In this article, you’ll find out how to successfully identify the common running bamboo cultivars.
This group of bamboo is common in the temperate region and includes the Phyllostachys and Pleioblastus bamboos.
The common bamboos that grow in the UK, US, Canada and Australia are grouped into either clumping or running bamboo plants.
- Phyllostachys Bamboo Plants for sale Crocus.co.uk
- Clump-forming Bamboo Plants for sale YouGarden UK
How to identify running bamboo?
Comparing running and clumping bamboos can give you a better idea about these two varieties.
However, it is also best to know their standout features. So, what is running bamboo and how can bamboo growers identify it?
Generally, a running bamboo has ‘running rhizomes’. The rhizomes are underground stems that grow (or run) along the ground, hence the name running bamboos or runners.
It is quite challenging to identify the exact type of running bamboo unless you have enough time, botanical knowledge and are curious to find out.
Also, it can be tricky to identify most of the bamboo cultivars by their appearances.
To help you, here are 5 rhizome facts for beginners to use when selecting a running bamboo or identifying them.
Find out about the advantages and disadvantages of growing running bamboo plants.
5 distinct parts of a running bamboo
For any beginner bamboo grower, the 5 distinct parts will help you work out if the bamboo is a runner or not.
Pay particular attention to the area where the culms meet the rhizomes.
- Rhizomes: the running rhizomes are long and thin with long pointy tips.
- Rhizome internodes: The underground internodes are hollow and long.
- Shoots and tips: The new shoots and rhizome tips grow from dormant rhizome buds on the rhizome nodes, often further away from the parent bamboo.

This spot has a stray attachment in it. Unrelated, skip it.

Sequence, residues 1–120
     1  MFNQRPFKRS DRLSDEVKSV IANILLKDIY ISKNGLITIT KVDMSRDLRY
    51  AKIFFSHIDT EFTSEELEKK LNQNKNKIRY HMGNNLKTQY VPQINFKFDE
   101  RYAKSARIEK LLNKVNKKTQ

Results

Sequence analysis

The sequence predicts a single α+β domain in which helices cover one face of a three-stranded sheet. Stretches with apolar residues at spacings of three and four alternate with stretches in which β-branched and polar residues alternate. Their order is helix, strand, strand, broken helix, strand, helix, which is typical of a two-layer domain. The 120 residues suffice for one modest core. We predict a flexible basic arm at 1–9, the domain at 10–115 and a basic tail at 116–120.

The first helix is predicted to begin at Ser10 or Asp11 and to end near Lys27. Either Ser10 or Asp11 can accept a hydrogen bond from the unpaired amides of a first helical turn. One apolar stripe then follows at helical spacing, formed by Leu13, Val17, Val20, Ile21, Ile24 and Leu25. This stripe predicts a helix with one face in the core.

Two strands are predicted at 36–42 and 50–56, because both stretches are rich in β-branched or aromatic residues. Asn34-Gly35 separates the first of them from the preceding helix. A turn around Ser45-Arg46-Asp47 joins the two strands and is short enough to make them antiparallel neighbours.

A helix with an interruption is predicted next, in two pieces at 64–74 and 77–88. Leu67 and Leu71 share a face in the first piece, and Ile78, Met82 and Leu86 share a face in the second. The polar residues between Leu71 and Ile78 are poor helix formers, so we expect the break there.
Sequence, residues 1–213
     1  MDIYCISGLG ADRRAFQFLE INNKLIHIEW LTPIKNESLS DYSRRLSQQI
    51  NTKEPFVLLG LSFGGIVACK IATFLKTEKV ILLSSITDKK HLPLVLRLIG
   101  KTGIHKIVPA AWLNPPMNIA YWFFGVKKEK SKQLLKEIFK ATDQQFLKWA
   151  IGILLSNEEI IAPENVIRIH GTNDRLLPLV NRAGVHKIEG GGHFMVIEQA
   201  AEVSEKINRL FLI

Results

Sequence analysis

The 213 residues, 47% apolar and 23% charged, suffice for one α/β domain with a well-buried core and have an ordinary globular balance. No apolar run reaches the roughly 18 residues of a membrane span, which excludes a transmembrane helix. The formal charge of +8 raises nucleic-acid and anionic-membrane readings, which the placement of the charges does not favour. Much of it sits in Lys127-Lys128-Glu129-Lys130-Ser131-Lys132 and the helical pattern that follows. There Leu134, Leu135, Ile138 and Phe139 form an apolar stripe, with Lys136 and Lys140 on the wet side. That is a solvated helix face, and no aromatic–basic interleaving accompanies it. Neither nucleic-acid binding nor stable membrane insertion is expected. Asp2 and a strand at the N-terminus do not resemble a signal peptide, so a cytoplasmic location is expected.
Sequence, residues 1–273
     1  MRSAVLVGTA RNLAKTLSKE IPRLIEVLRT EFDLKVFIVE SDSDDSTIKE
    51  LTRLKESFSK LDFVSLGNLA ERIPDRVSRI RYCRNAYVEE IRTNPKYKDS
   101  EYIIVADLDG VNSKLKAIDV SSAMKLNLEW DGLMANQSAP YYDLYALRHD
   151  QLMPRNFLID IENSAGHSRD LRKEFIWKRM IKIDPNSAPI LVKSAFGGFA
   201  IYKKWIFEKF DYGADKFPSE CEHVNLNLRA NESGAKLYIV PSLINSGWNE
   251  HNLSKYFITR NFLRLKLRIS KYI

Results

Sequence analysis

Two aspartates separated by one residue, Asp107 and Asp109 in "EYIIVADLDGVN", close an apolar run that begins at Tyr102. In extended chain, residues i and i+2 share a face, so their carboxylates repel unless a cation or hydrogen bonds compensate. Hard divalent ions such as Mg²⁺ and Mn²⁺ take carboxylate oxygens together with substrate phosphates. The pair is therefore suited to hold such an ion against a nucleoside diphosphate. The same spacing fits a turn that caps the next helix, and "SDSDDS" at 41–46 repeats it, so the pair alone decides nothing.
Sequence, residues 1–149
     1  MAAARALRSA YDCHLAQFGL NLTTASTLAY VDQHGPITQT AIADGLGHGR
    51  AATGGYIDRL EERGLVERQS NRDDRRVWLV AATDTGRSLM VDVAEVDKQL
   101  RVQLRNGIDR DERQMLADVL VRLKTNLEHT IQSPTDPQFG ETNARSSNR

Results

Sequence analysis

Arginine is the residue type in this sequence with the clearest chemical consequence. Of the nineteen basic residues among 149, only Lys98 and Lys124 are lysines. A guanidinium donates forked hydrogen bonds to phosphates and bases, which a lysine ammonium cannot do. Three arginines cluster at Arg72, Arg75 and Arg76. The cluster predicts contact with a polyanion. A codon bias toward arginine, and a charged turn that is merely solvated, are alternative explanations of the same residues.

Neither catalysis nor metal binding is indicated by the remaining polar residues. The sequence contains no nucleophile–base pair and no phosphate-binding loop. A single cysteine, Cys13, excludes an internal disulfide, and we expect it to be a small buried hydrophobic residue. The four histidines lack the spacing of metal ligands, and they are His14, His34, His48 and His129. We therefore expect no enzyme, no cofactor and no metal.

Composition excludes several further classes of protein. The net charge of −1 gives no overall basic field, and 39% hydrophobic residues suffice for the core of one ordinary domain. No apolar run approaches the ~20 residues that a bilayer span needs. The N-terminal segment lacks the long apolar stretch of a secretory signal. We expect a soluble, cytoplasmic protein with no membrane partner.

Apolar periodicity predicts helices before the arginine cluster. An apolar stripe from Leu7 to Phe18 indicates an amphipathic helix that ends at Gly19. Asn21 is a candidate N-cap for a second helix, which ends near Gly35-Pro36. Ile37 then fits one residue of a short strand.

- Base buds: These buds are potential new shoots and rhizomes (in 3) and are spaced further apart unlike the buds in clumping bamboos.
- Culms: The culms (also called the stems or canes) are much thicker in diameter than the rhizome from which they grow.
Diagram of the parts of a running bamboo plant
Running bamboos have running rhizomes
All in all, the bamboo rhizomes and underground parts are vital for identifying a bamboo as clump-forming or running.
So, take a closer look at the rhizome of bamboo to work out if it is running bamboo or not.
Read about How to Identify a Clumping Bamboo using a similar 5-point identification strategy.
As mentioned, look closely at the parts that are underground, especially the areas around the rhizome of the running bamboo.
This is because it literally gets its name from the habits of its rhizomes – running!
One way to know the different parts is to use the diagram as a reference point.
Alternatively, read to this article, it gives a clear comparison of the parts of running vs running bamboo.
Where to buy running bamboos?
We work with some big UK’s home and garden brands.
Check out the links to go straight to their website where you can find out the bamboo collections and read more about each one.
- Phyllostachys Bamboo Plants Crocus.co.uk
- Clump-forming Bamboo Plants YouGarden UK
Identifying runners and clumpers
The Phyllostachys nigra Black Bamboo, though an invasive bamboo, can also behave like clumping bamboo in the cooler temperate area of the UK, US, Canada and Australia.
Like other running bamboos, the Black Bamboo can spread quickly if left unchecked.
Here is how and when to provide the right care they may need.
Furthermore, such occurrence shows that some of the common bamboo species can be tricky to identify.
So, pay closer attention to the parts of the bamboo around the joint where the culm meets the rhizome.
Phyllostachys nigra running bamboo (It also behaves as clumping bamboo)
Identify bamboo successfully
The 5 facts will help you to identify the running bamboos successfully.
They are based around the rhizomes and determine the growing habit of these stunning bamboos.
Knowing the parts and their general behaviours cab be useful when finding out about bamboo that you want to buy or have inherited.
If you have any questions or cannot find what you are looking for, leave a comment and we will get back to you.
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